To use the feature, you must be working in a worksheet that has time-based historical data. Put your cursor in one of the data cells, go to the Data tab on the Ribbon and select Forecast Sheet from the Forecast group toward the right. On the screen that appears, you can select various options such as whether to create a line or bar chart and what date the forecast should end. Click the Create button, and a new worksheet will appear showing your historical and predicted data and the forecast chart. (Your original worksheet will be unchanged.)

Excel 2016 Forecast Sheet IDG

The Forecast Sheet feature can predict future results based on historical data. Click image to enlarge.

Get & Transform

This feature is not entirely new to Excel. Formerly known as Power Query, it was made available as a free add-in to Excel 2013 and worked only with the PowerPivot features in Excel Professional Plus. Microsoft's Power BI business intelligence software offers similar functionality.

Now called Get & Transform, it's a business intelligence tool that lets you pull in, combine and shape data from wide variety of local and cloud sources. These include Excel workbooks, CSV files, SQL Server and other databases, Azure, Active Directory and many others. You can also use data from public sources including Wikipedia.

Excel 2016 Get and Transform IDG

Get & Transform lets you pull in and shape data from a wide variety of sources. Click image to enlarge.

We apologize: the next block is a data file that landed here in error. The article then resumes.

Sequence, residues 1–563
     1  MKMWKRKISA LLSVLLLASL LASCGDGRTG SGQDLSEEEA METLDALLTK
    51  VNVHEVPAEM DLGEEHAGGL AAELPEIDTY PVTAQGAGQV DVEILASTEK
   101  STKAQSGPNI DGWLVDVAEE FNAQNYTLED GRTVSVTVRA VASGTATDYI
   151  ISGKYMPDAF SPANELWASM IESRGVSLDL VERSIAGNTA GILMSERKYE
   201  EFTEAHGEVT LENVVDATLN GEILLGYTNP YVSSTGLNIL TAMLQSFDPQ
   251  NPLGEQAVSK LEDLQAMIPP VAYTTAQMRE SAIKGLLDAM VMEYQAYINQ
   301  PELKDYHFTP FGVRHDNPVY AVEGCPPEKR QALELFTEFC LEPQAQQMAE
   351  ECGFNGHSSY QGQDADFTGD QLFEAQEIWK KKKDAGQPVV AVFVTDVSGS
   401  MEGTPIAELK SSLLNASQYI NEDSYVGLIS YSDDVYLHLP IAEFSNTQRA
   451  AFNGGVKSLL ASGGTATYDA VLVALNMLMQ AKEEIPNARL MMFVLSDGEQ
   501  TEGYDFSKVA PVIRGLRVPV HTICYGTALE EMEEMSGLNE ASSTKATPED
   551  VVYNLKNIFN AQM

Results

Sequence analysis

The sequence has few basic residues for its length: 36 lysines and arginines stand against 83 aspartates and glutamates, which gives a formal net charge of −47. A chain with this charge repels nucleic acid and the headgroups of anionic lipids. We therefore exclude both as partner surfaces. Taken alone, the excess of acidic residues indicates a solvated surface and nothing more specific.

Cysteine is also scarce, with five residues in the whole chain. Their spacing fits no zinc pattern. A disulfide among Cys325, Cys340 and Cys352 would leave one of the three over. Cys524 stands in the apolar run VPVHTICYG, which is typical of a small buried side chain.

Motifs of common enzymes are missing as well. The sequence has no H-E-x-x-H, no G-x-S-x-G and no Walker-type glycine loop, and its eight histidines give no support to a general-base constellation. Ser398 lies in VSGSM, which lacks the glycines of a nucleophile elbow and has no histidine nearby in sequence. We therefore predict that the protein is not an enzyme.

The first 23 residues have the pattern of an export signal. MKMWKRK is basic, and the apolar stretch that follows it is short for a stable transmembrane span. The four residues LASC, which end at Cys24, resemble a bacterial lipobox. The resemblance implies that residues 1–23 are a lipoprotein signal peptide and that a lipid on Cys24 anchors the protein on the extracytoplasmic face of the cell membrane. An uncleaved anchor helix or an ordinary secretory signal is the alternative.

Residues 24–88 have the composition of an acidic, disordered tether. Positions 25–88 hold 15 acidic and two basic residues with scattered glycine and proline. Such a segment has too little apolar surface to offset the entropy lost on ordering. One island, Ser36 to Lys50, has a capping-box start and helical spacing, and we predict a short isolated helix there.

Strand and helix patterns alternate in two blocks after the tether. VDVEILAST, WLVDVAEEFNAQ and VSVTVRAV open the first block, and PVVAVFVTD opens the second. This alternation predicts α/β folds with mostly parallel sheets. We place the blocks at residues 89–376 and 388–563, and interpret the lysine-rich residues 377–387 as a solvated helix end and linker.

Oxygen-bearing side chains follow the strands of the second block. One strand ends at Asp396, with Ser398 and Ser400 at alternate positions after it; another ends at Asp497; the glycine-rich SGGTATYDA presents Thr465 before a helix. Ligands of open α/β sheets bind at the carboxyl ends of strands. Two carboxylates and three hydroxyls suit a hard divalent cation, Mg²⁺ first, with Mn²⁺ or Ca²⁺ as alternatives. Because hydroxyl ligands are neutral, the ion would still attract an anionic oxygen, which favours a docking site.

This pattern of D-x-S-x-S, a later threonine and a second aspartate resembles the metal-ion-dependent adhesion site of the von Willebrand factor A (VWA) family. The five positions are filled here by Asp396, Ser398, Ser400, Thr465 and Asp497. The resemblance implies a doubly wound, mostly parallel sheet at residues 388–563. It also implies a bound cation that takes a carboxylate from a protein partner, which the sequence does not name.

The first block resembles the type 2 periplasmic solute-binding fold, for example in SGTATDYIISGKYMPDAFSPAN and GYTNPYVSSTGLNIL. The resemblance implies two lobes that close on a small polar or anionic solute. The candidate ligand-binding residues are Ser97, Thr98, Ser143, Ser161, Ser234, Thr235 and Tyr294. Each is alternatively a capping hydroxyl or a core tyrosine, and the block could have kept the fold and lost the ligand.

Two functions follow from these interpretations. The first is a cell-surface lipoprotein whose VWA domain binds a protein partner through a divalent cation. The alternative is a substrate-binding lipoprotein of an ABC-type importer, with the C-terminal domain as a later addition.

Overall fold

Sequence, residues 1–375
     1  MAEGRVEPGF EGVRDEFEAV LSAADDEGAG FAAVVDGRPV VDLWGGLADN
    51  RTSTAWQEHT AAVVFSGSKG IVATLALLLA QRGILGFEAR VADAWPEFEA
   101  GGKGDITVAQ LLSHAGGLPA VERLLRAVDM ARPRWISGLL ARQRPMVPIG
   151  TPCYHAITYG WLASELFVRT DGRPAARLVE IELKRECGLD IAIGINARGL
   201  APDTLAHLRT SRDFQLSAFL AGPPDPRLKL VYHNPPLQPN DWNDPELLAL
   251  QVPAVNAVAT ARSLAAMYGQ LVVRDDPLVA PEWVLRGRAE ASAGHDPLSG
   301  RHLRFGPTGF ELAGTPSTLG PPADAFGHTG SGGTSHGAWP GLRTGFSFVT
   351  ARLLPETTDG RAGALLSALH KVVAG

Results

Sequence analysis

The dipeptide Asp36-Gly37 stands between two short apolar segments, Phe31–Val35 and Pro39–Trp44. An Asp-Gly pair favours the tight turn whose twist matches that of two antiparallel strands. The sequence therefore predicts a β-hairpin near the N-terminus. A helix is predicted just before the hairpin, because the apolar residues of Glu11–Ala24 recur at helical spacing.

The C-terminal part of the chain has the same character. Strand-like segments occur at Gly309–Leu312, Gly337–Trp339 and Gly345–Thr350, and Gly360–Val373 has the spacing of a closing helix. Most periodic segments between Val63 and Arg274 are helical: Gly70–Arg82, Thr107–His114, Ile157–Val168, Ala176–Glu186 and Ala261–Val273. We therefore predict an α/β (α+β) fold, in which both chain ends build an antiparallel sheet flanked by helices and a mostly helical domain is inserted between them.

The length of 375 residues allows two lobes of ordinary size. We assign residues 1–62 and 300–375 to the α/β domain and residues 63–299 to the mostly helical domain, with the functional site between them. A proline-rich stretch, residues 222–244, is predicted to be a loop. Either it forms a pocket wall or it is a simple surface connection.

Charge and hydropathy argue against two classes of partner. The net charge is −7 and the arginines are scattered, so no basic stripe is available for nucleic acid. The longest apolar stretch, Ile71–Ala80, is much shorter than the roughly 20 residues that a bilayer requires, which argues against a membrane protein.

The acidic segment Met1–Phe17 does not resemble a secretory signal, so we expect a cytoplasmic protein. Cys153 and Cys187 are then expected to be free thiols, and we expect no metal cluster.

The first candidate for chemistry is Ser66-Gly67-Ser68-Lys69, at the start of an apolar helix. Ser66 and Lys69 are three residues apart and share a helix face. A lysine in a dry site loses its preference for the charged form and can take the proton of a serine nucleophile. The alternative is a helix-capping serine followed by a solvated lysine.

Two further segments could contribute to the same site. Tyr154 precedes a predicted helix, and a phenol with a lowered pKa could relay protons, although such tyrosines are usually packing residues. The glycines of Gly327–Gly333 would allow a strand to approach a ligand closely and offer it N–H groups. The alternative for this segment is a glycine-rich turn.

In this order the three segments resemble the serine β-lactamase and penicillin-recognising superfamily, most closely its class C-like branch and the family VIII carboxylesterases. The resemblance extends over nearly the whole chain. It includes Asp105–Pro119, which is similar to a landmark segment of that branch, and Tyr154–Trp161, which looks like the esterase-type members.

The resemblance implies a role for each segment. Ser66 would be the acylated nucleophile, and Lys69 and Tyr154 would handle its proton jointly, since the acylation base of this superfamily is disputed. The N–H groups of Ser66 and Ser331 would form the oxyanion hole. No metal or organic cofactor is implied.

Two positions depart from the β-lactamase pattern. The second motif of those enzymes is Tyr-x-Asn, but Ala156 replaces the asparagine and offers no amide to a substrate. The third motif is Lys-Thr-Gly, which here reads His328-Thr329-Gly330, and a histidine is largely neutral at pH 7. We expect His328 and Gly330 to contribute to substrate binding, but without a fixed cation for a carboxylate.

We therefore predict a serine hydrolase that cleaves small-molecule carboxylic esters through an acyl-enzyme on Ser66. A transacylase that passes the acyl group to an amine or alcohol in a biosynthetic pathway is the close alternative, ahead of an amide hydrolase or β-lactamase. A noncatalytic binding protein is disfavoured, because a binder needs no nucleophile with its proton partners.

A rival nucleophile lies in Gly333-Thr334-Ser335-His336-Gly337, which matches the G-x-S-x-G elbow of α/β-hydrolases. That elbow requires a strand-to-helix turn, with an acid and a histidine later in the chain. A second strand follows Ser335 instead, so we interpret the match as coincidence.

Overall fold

You'll find the Get & Transform tools together in a group on the Data tab in the Ribbon. For more about using these tools, see Microsoft's "Getting Started with Get & Transform in Excel 2016."

3D Maps

Before Excel 2016, Power Map was a popular free 3D geospatial visualization add-in for Excel. Now it's free, built into Excel 2016, and has been renamed 3D Maps. With it, you can plot geographic and other information on a 3D globe or map. You'll need to first have data suitable for mapping, and then prepare that data for 3D Maps.

Those steps are beyond the scope of this article, but here's advice from Microsoft about how to get and prepare data for 3D Maps. Once you have properly prepared data, open the spreadsheet and select Insert > 3D Map > Open 3D Maps. Then click Enable from the box that appears. That turns on the 3D Maps feature. For details on how to work with your data and customize your map, head to the Microsoft tutorial "Get started with 3D Maps."

If you don't have data for mapping but just want to see firsthand what a 3D map is like, you can download sample data created by Microsoft. The screenshot shown here is from Microsoft's Dallas Utilities Seasonal Electricity Consumption Simulation demo. When you've downloaded the workbook, open it up, select Insert > 3D Map > Open 3D Maps and click the map to launch it.

Excel 2016 3D map IDG

With 3D Maps you can plot geospacial data in an interactive 3D map. Click image to enlarge.

Handy keyboard shortcuts

If you're a fan of keyboard shortcuts, good news: Excel supports plenty of them. The table below highlights the most useful ones, and more are listed on Microsoft's Office site.

And if you really want to go whole-hog with keyboard shortcuts, download our Excel 2016 Ribbon quick reference guide, which explores the most useful commands on each Ribbon tab and provides keyboard shortcuts for each.

Useful Excel 2016 keyboard shortcuts

Ready to delve deeper into Excel? See our "11 Excel tips for power users."

This story was originally published on May 10, 2016 and updated on Aug. 1, 2017 for Microsoft's addition of live collaboration features to Excel.